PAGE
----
Day By Day

Friday, September 22, 2006

Rogue Bureaucrats at State?

One of the great unreported stories of this administration is the existence of rogue elements in the intelligence community and at the State Department, and their refusal to acquiesce to executive authority.

The Anchoress has some interesting questions:

Why was Valerie Plame never investigated by the press?


Why is nobody investigating the role of Colin Powell and his acolytes in managing diplomacy after 9/11. She cites AJ Strata who asks:
Were Powell and Armitage running amok at State? Were they strong arming our allies and pretending to these allies all these threats were coming from Bush? Where they all the while telling Bush they were being diplomatic and the backlash was due to something else? The example set in the Plame fiasco, of hiding their true actions from the WH as they ended up being the true leakers to the media, would indicate it is strongly possible that all the international strife the US has faced was due to heavy handedness by State, while State was not being totally honest with Bush on what was happening at the lower levels.
She continues:

Shouldn’t we be looking into why State Dept employees like Mary McCarthy felt so completely easy with the idea of blowing holes into programs meant to protect America?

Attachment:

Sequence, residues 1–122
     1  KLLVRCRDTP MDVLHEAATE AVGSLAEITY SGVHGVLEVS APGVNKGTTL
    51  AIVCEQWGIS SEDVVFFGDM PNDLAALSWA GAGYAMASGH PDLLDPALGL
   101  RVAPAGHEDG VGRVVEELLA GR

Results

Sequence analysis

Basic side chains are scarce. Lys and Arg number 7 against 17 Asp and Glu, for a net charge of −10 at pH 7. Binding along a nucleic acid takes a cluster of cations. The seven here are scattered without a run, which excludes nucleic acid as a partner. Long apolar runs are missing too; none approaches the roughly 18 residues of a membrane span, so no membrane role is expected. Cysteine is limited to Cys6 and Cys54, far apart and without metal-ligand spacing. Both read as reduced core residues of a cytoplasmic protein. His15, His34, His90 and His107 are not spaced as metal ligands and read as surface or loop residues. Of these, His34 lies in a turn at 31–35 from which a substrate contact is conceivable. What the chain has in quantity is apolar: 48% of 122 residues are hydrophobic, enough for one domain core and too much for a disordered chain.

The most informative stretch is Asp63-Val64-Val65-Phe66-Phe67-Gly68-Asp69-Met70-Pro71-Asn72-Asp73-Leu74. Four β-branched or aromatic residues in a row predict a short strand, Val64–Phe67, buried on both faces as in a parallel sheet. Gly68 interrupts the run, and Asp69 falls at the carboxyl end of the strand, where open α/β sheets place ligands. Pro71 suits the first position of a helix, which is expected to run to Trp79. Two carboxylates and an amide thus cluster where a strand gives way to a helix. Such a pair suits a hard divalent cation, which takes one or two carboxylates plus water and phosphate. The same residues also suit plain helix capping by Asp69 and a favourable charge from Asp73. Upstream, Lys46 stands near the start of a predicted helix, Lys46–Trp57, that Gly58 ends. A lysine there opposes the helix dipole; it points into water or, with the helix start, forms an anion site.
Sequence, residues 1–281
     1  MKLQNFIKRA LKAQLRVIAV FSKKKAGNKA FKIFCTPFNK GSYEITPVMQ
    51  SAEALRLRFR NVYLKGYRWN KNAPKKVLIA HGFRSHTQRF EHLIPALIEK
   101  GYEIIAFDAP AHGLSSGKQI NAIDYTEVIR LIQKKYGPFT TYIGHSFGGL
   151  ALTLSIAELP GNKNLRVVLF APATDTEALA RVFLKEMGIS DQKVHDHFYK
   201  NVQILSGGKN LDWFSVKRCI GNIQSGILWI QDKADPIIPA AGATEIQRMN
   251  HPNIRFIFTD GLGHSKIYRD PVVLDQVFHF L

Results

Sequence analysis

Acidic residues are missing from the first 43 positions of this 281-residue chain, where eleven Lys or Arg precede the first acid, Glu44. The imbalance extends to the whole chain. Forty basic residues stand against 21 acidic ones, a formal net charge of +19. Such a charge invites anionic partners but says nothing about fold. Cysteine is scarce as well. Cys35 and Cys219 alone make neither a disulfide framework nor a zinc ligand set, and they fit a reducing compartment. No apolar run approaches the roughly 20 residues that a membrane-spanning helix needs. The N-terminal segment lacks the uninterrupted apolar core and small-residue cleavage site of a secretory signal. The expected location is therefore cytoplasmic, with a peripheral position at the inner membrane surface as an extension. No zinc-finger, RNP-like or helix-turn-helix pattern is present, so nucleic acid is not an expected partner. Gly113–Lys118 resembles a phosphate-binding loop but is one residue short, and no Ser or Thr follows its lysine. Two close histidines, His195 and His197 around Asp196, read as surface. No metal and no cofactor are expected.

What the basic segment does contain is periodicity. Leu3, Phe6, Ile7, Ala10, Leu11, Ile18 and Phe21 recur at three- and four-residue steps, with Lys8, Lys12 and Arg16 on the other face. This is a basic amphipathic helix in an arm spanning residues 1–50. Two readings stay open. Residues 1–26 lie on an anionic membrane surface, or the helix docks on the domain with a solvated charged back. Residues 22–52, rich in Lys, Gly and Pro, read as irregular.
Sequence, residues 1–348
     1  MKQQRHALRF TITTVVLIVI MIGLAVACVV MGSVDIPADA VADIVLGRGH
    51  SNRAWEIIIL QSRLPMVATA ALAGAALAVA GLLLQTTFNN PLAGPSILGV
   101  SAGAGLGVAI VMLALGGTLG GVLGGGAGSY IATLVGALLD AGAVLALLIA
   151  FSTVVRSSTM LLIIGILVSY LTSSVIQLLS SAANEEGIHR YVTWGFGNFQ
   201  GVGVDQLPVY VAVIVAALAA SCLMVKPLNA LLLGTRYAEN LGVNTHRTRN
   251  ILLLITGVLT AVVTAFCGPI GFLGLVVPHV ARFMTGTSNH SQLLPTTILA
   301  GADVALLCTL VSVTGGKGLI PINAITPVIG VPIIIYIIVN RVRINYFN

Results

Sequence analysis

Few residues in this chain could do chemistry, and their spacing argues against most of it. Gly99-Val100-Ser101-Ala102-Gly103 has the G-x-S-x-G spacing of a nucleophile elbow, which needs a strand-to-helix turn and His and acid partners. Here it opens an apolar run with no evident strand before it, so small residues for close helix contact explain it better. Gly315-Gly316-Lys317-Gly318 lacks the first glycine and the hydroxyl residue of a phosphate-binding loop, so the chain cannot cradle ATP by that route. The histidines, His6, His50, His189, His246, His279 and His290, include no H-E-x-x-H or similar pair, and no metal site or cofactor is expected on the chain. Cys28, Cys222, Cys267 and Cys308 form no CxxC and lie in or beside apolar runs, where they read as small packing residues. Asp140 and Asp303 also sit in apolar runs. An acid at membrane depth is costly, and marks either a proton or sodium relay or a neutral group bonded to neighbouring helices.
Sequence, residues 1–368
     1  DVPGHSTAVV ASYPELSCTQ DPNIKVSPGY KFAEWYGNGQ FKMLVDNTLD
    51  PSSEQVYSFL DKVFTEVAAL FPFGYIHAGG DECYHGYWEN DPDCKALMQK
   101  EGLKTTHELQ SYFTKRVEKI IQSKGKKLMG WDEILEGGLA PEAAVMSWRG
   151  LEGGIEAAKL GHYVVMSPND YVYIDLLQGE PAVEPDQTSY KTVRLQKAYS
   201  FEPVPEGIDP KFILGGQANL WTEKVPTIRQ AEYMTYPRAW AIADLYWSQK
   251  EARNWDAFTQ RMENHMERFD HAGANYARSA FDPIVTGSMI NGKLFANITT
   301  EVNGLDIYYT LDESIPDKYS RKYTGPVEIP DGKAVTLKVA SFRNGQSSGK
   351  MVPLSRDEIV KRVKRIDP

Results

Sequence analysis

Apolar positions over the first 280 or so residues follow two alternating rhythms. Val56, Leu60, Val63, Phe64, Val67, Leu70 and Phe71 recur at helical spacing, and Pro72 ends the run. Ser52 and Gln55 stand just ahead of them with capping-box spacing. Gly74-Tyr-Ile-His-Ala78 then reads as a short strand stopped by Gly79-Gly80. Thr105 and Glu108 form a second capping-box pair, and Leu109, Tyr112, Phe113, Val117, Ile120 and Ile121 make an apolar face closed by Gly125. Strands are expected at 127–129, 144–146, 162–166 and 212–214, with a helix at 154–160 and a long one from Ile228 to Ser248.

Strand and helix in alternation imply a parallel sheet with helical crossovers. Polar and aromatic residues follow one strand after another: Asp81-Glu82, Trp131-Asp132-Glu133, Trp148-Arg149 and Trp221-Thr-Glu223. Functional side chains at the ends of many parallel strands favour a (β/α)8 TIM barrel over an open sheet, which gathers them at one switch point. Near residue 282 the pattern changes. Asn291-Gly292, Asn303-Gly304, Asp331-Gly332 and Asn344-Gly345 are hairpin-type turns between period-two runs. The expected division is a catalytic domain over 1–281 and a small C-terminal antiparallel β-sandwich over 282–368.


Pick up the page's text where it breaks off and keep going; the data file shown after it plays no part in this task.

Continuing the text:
Read it here.

This sort of thing took place in the early stages of the Cold War, when State and the Military kept President Truman in the dark regarding crucial aspects of our foreign policy. Kennedy and Reagan, too, had problems with recalcitrant elements of the foreign policy establishment. The resistance of the permanent government to political control is an endemic problem for all administrations. It has become acute in recent years as Dubya has tried to bring the bureaucrats to heel. Bureaucrats fight back by leaking and reporters are loath to investigate their prize sources. Hopefully the Plame and Armitage scandals will lead to such investitions, but don't hold your breath.

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